Thus, while looking for investing in potential turnarounds, some points to be considered are:

  • How much cash and debt does the company have? 
  • If it’s bankrupt already, then what’s left for the shareholders? 
  • What is the company’s strategy? Has of the company sold off unprofitable divisions?
  • Will this make a big difference in earnings? 
  • Is business coming back? 
  • Are costs being cut? If yes, what will be their effect?

Time to say Sayonara!

One should never sell a stock till the story remains intact even if the stock has risen or fallen since purchase. 

However, when the decision to exit has been made, following signs should be looked at:

  • Debt has increased in consecutive quarters. 
  • Inventories are rising at twice the rate of sales growth. 
  • The P/E is inflated relative to earnings prospects. 
  • The company’ s strongest division sells 50 % of its output to single customer, who itself is suffering from sales slowdown.

Finally, ‘Turnaround’ is high-gain-high-risk category. The higher the potential upside, the greater the potential downside, and if a troubled old turnaround has a relapse, the downside can be losing all your money. This is something one should never ignore, when considering turnarounds. A great deal of due diligence and patience is required to identify companies on the precipice of a successful turnaround, and even then the surety of it happening is uncertain. Thus, after weighing the pros and cons, if you still have the courage and are willing to go for a risky investment, then try your hands out at Turnarounds!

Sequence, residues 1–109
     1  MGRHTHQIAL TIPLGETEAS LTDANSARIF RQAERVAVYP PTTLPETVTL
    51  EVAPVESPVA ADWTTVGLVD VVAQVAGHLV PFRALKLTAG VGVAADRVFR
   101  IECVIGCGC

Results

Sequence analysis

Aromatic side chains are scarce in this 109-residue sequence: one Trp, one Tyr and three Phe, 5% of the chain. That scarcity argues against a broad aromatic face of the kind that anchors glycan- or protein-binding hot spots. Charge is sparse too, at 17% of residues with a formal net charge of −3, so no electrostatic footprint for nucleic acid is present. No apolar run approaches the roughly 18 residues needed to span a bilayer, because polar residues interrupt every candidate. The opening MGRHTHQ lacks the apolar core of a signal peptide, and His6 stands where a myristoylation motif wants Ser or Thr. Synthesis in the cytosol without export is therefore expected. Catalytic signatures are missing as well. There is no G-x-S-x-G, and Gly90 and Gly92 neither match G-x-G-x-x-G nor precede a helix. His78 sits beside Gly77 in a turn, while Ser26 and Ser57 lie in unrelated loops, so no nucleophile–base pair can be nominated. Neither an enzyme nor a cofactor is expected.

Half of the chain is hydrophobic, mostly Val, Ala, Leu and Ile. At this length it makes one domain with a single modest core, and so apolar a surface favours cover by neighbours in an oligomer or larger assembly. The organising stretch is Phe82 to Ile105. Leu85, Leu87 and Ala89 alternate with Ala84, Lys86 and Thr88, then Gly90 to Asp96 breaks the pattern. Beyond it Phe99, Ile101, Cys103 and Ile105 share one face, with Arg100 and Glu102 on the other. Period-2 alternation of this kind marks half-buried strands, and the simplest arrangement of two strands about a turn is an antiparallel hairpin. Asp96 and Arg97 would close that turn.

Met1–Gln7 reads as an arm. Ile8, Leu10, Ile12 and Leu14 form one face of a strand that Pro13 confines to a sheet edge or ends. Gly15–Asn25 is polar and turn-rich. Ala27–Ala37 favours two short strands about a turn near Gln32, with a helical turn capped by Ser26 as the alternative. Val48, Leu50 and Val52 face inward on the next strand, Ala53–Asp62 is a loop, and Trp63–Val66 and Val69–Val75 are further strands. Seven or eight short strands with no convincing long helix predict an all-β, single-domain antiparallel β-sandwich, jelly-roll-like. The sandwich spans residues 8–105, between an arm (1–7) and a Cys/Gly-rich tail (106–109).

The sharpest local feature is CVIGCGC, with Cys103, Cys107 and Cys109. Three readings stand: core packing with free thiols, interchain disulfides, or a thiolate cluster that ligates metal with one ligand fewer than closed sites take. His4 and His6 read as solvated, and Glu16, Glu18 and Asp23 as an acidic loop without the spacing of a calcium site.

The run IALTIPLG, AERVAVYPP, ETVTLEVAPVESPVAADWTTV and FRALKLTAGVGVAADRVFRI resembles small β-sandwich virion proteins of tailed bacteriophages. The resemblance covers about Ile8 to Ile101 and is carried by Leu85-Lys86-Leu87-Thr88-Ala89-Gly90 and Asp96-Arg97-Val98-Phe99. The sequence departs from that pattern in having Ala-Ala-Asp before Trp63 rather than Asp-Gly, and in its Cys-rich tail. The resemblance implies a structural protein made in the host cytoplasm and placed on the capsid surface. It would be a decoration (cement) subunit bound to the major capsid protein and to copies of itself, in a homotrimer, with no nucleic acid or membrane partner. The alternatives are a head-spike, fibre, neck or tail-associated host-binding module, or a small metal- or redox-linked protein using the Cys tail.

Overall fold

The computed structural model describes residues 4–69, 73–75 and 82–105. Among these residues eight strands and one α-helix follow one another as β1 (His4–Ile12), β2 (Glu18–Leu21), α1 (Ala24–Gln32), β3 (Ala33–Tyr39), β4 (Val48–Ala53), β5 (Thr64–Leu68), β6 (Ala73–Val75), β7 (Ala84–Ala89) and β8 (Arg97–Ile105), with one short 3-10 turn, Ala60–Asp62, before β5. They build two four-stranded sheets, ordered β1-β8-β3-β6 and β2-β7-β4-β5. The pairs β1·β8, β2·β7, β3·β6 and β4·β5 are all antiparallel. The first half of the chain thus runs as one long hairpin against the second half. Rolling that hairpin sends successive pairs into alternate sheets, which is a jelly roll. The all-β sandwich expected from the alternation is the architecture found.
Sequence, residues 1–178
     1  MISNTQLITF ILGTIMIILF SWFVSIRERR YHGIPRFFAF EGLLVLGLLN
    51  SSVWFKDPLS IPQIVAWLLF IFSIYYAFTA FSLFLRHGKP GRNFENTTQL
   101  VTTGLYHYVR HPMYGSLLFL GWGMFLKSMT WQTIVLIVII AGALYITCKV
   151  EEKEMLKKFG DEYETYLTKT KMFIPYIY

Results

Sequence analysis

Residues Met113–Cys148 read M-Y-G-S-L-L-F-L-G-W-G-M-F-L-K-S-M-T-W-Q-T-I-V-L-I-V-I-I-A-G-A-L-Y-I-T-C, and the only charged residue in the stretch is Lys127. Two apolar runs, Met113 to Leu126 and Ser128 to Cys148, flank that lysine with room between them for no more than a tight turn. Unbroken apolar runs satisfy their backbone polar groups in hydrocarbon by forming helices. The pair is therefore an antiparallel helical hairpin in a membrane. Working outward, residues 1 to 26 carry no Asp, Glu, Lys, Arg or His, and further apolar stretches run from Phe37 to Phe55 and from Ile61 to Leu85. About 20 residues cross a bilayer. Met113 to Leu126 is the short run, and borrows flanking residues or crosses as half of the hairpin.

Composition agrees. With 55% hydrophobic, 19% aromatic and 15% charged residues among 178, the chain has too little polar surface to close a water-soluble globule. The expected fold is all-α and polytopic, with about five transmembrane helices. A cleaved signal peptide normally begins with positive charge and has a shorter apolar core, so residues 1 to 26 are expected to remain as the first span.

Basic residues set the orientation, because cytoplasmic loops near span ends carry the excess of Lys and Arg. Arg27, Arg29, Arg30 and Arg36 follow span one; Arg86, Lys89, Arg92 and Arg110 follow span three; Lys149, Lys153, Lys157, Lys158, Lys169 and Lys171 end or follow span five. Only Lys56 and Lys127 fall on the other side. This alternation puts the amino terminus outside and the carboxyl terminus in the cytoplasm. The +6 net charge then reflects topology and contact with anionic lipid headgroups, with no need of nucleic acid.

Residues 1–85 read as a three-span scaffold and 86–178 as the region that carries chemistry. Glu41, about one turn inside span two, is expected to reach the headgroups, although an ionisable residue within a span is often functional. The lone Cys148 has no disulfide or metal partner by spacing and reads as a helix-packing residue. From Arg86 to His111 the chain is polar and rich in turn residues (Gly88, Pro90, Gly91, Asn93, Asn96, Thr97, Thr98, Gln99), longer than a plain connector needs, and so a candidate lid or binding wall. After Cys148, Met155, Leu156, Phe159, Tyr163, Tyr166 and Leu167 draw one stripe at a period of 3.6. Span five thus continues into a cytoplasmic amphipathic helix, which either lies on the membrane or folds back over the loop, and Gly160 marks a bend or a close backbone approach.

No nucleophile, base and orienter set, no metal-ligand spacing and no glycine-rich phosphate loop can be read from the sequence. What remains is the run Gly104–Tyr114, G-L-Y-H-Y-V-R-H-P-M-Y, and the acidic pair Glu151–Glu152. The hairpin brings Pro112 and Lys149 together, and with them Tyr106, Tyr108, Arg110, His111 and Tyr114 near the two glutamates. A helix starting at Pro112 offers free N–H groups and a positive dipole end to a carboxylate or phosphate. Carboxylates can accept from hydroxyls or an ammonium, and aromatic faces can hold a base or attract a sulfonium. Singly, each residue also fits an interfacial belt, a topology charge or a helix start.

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  • will Ashok Leyland become as bankrupt stock or will it go up? If it will go up then when it will go up? Please tell me how much down it will go?

  • This article was informative and full of points to watch out for in good stocks … Kudos…

    However, the quality of the comments is amazingly dense… Just because the author wrote a good article, people start fishing for specific advise on when Ashok Leyland or Suzlon should go up, or when it will go down!